Words Mean Things: ‘Trigger’
In all the debate around the utility of trigger warnings, we’ve rarely paused to examine what we name as triggers.
In Words Mean Things, we unpack weighty words whose meanings have been sacrificed to hot takes.
News about bad things is often disseminated in one of two ways: as is, or with trigger warnings. But here’s the problem with the latter: often, the warnings are added either with no mention of what the trigger is, or with the trigger being some form of systemic oppression. It’s a uniquely online problem, wherein mental health terminology is used to articulate issues of social justice.
Research has suggested that trigger warnings may not actually work the way they’re supposed to; some studies even suggest that they have been found to make people more anxious. An over-reliance on them, moreover, could inevitably lead to short-term avoidance— which, in the long run, doesn’t resolve trauma. But it’s still well intentioned: recognizing the way that trauma works, it’s a way to protect individuals from triggers that are associated with it. It also allows for readers to consent to what they’re about to engage with. But what if we’ve fundamentally warped the meaning of trigger itself?
As debate around content warnings continues to rage on, but there’s relatively less conversation about what we even consider to be triggers anymore. Technically, the medical consensus is that it’s anything that affects someone’s emotional state acutely, causing overwhelming distress. But we’ve known that the medical is also social, structural, and political — meaning that violent systems of oppression, and the acts carried out in their name, are triggering, too. Sexual assault, racist or casteist violence, or any other form of harm, then, is often preceded by a trigger warning to protect those people. So far, so good.
But the mainstreaming of the idea of a trigger has led to naming systems of oppression themselves as triggers. Triggers, more often than not, are activators of specific traumatic memories. Heteronormativity is not one of those, neither is capitalism, toxic masculinity, the patriarchy, or discrimination. These aren’t triggers of specific memories — they shape memory itself, because they shape our experiences of the world. Here is where trauma is often conflated with pain, discomfort, or anger at injustice. Using the language of mental health triggers for the systems that govern the world, then, distances people from engaging and dismantling them. It sets the expectation that those who are affected by them should find them triggering — but who isn’t affected by something as broad as sexism? More concerningly, then: it creates the illusion of being safe from them. When it comes to sexism, classism, casteism, or any other form of systemic violence, this is an impossible ask.
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And when information is preceded by a warning without any mention of what to expect — a trigger warning for its own sake — it’s arguably even worse. This assumes that the information is safe only for people with no trauma, and nothing that could possibly trigger them. This, too, is impossible — more than that, it’s dangerous.
Moreover, a trigger in the psychological sense of the term, can be anything. It can be a flower petal, a whiff of a particular scent, the way somebody moves their arm. As Roxane Gay noted — trauma is intensely personal, which means triggers, too, are intensely personal. There’s no way to safeguard trauma survivors from all possible triggers, simply because every sight, smell, and sound that exist on Earth are triggers. In its most value-neutral sense, a trigger evokes memory. It’s impossible to predict what can evoke bad memories for someone. But when we acknowledge the most obvious violence or harm as triggers, people are “…given the illusion they can be protected,” as Gay puts it.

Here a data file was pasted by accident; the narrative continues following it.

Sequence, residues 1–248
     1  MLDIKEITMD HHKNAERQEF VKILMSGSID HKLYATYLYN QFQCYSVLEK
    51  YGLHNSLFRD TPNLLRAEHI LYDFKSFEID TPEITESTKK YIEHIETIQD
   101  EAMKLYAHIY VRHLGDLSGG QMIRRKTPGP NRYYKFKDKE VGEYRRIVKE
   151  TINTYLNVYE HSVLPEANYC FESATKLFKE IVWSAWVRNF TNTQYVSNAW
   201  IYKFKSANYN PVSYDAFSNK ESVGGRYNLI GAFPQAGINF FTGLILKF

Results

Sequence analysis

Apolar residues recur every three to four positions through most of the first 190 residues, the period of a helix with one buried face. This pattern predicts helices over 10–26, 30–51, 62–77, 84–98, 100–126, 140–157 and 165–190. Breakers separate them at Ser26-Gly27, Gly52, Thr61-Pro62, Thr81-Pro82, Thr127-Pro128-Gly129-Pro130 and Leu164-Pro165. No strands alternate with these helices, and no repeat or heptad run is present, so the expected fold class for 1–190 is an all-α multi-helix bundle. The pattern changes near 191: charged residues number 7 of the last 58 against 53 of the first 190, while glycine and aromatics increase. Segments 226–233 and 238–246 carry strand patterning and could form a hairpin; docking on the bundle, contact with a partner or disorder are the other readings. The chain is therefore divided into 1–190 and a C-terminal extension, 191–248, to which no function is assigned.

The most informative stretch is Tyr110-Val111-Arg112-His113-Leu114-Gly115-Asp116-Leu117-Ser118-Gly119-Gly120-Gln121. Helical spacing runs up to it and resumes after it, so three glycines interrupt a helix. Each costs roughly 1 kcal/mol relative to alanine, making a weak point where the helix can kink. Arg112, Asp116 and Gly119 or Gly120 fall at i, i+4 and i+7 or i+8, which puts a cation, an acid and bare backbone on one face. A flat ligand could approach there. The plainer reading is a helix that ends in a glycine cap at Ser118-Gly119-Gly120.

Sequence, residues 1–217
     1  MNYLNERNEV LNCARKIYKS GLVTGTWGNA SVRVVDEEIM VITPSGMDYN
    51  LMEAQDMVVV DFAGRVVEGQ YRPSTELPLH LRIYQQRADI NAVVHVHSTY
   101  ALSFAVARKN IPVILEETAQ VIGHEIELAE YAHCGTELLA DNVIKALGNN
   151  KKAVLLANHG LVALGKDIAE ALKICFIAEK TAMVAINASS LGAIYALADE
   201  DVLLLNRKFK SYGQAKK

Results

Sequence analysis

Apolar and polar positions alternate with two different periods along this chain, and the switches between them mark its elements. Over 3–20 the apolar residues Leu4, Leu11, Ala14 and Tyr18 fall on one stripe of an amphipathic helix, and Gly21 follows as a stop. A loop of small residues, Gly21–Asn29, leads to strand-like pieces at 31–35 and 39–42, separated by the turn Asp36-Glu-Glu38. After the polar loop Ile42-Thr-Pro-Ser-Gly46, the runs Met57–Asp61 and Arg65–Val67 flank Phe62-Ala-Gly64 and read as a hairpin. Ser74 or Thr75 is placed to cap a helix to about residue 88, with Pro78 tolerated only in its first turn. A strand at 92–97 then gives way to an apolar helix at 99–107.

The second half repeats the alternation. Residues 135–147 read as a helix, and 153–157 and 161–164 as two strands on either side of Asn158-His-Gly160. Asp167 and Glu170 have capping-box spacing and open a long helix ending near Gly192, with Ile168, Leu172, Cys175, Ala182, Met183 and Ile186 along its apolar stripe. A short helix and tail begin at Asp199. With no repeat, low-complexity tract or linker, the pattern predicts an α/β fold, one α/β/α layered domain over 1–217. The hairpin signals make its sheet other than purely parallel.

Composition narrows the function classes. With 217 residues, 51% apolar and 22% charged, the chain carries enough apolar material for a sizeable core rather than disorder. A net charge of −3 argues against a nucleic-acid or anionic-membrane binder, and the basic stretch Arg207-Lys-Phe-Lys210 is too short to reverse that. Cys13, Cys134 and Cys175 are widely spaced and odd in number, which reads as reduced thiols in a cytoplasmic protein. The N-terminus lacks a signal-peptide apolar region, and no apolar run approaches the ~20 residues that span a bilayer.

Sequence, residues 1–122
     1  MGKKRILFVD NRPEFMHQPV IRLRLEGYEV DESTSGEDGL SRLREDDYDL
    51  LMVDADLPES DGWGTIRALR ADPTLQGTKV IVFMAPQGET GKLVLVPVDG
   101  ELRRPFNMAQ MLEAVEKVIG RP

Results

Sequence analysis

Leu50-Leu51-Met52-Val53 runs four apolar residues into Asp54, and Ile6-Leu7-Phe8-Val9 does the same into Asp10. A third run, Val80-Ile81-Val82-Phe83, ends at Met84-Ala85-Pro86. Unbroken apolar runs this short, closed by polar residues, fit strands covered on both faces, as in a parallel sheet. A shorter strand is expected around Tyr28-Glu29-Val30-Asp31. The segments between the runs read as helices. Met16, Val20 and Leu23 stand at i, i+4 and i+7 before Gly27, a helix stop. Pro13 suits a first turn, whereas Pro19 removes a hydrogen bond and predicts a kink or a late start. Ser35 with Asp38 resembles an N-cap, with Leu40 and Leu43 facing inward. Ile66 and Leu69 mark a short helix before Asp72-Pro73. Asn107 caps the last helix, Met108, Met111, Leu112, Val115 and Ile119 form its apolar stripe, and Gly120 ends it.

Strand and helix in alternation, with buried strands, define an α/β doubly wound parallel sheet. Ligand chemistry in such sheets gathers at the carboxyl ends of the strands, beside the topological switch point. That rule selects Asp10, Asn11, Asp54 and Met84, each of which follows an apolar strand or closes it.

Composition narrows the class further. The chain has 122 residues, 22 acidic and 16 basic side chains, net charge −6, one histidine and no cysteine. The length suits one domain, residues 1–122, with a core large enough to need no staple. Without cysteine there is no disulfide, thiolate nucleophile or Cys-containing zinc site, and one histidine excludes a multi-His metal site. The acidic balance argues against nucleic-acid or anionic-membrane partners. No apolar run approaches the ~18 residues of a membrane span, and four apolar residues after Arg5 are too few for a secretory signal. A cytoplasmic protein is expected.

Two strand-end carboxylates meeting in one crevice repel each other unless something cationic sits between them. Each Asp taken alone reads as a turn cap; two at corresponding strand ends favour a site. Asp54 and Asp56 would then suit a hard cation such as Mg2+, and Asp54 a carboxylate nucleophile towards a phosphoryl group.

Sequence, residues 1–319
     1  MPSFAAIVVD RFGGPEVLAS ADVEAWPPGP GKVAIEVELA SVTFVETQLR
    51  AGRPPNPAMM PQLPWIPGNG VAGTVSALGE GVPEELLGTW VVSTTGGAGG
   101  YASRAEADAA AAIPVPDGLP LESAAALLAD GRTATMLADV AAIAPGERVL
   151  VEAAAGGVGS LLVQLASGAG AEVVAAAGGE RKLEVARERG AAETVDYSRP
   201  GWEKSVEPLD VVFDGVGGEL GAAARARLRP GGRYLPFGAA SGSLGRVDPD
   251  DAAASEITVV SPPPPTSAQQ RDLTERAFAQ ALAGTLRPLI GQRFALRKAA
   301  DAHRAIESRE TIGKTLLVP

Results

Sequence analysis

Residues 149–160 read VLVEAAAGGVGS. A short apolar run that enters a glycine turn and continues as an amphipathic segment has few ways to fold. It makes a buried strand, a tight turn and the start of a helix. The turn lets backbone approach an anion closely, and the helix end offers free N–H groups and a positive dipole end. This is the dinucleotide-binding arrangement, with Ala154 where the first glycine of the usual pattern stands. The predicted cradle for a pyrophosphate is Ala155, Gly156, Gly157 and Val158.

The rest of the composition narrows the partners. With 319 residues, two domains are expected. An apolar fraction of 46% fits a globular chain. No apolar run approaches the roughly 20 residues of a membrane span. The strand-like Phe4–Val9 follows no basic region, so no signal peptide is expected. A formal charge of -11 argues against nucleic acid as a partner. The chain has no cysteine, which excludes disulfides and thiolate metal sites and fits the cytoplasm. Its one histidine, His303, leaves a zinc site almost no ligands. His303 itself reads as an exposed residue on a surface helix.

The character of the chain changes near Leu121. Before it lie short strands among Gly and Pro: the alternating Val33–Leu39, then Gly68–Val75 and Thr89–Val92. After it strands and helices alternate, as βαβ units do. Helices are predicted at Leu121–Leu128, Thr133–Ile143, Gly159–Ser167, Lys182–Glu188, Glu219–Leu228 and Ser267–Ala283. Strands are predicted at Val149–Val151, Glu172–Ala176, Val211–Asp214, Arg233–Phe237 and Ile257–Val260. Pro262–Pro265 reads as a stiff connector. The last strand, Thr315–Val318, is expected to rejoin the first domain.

As many have noted, then, acknowledging the big, inescapable harms as triggers is itself a privilege — given that they shape our entire lives in some form or another. When we assign inescapable phenomena to this category, we assume that it’s possible for some people to escape them. A person who is subjected to traumatizing oppression every day of their life, however, doesn’t have the luxury to avoid it by means of a warning that alerts them to triggers. Take this cynical twist on the whole phenomenon: “Trigger warning: People who feel it’s their right to never lift a finger may experience pain or discomfort.“
In the piece carrying that particular warning, writer June Thunderstorm speaks to the emergence of a language of exemption — wherein certain people are allowed to name their discomfort in medicalized terms, and exempt themselves from work. Inevitably, the work is assigned to someone else — someone who cannot afford to do so, who doesn’t have access to the exemptions or the vocabulary, and more importantly, someone who might feel the same pain, but who have no way out.
This applies to triggers, too: there’s no avoiding the fact that bad things happen every single day, to many people. The name of the cause isn’t the trigger; the fact that it happened, itself, is. It’s not to say that it’s a redundant word — it’s critical for people to have the agency to name their triggers to protect themselves. But when the culture pre-emptively names triggers for people, it inevitably names what we all have in common so as to not exclude anybody — encompassing social systems that are impossible to evade. In the process: everything is triggering, but nobody is ever really safe.
Rohitha Naraharisetty is a Senior Associate Editor at The Swaddle. She writes about the intersection of gender, caste, social movements, and pop culture. She can be found on Instagram at @rohitha_97 or on Twitter at @romimacaronii.